discretion, the following factors may, among other things, be taken into account:
a. the position of the parties on the need to hold the hearing without the physical
presence of the participants, in recognition of the fact that the applicable legal
framework often requires the consent of all parties to do so;
b. the limitations caused by the circumstances that will be in effect at the time of the
proposed hearing, including the physical presence or mode of technological
participation of participants;
c. the necessity to receive the proposed, documentary or testimonial evidence, and
the means, technological or otherwise, to allow this evidence to be admitted so
that it can be properly considered by the parties and the military judge;
d. the ability to audio-record debates and the ability to identify and preserve
evidence in a satisfactory manner;
e. the complexity of the issues to be debated, the receipt of the evidence and the time
required to hold the proposed hearing;
f. the possibility of using alternative means such as written arguments and affidavits
in order to minimize the time required and the complexity of a hearing; and
g. any other factor considered relevant by the military judge.
25. Once the military judge has decided when and how to hold a judicial hearing, if any,
participants in any telecommunication means that allow interested parties to see or communicate
simultaneously must provide the court clerk-reporter assigned at the hearing with their email
address and telephone number for being contacted prior to the hearing date.
III. ACCESS TO THE PUBLIC AND MEDIA
26. As specified in section 180 of the NDA, court martial proceedings and proceedings
before a military judge are public, subject to the capacity of the courtroom and any in camera
27. The military judiciary remains committed to the open court principle during the COVID-
19 pandemic. It is possible that the courtroom at the Asticou Centre in Gatineau may not have
the capacity to allow members of the public and the media to attend in person due to health
restrictions, or only a very limited number of people may be present. In such a case, it may be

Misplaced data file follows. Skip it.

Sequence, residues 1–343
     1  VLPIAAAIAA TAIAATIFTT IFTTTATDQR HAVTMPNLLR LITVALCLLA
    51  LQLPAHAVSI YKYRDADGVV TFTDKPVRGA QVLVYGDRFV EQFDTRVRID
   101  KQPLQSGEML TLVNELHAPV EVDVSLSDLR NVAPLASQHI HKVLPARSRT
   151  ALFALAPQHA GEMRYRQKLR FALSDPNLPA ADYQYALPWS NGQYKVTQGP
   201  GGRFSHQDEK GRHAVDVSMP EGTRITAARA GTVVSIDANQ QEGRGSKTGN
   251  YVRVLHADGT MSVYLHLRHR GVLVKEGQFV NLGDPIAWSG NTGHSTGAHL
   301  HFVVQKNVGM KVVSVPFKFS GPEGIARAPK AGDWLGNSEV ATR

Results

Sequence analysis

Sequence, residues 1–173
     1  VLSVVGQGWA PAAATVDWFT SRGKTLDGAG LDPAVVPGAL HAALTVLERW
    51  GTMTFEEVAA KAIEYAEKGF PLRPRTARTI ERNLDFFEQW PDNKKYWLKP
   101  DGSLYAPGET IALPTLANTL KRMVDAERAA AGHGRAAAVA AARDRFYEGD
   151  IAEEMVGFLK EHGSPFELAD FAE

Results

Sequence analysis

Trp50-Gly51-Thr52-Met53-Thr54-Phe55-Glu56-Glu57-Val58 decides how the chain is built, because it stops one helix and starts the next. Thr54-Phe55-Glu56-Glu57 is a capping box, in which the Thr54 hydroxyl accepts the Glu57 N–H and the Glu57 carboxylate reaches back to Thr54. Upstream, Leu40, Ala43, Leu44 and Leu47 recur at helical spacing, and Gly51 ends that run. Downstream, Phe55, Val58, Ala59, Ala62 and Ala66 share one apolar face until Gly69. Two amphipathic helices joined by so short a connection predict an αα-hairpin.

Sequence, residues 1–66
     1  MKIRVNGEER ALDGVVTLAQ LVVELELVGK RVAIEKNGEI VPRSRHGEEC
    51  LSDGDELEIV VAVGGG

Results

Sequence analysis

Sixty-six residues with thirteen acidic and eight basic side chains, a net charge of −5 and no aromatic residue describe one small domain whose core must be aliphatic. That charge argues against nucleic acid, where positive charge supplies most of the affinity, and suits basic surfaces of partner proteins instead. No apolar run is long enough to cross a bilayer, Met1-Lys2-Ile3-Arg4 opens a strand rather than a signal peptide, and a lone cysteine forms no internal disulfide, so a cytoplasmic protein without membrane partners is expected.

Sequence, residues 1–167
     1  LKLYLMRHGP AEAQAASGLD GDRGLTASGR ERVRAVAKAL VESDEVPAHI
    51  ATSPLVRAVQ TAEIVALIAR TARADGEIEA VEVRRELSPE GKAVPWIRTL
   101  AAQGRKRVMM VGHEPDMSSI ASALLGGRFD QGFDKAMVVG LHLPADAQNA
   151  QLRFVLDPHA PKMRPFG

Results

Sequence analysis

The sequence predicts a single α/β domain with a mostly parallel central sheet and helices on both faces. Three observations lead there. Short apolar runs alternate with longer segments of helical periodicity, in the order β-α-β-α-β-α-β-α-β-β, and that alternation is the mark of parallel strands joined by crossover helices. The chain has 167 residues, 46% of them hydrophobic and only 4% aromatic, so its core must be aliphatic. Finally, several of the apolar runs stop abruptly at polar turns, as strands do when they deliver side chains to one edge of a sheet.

possible for the public and media to attend the debates remotely. While this may involve some
technological challenges, it may be possible for them to attend the hearings through a
telecommunication method that allows participants to see or communicate simultaneously. It will
be up to the presiding military judge to assess the situation and provide appropriate guidance in
28. In order to make it possible to access the courtroom proceedings, the OCMJ website,
under the subtitle " Upcoming Court Martial Proceedings" (https://www.canada.ca/en/chiefmilitary-judge/services/upcoming-courts-martial.html) will mention the date and time of any
judicial hearing to be heard by a military judge. In doing so, the public and the media will be
able to be informed of the upcoming hearings and choose to hear or observe the procedure of
29. Members of the public and media who wish to hear or observe remotely proceedings held
in the courtroom at the Asticou Centre in Gatineau may e-mail their requests to the assigned
court clerk-reporter as indicated on the website under the subtitle ‘Upcoming Court Martial
Proceedings’ prior to the hearing. Anyone requesting access to the proceedings must give their
name, the name of the hearing they wish to hear or observe, and their contact information. The
court clerk-reporter will take all reasonable steps to provide the applicant with required
information to hear or observe the proceedings
30. The Court Martial Procedures Guide (https://www.canada.ca/en/chief-militaryjudge/services/consult-legal-resources/procedure-guide.html) specifies that the recording of the
hearing of courts martial or any other judicial hearings before a military judge by the public and
media is prohibited unless express authorization is obtained from the military judge presiding at
the hearing. Any such request must be forwarded to the clerk-court reporter assigned to the case
prior to the hearing, preferably at the time the exchange of correspondence to convey
information to hear or observe the proceedings is made.
COURT MARTIAL CALENDAR
Courts Martial for Which the Convening Order Was Rescinded
31. Despite the cancellation of the court martial orders that were scheduled in the judicial
calendar between 16 March and 31 May 2020, the military judges who were assigned to preside
at them remain in charge despite the absence of any official assignation at this time, and are
responsible for continuing to manage these proceedings in consultation with the parties. When
the time comes to determine a new convening date, these courts martial will generally take
precedence over a preferral for which no convening orders have yet been issued by the CMA.
32. On the other hand, this general rule does not mean that these courts martial will
necessarily be put back on the calendar in the order in which they were set before they were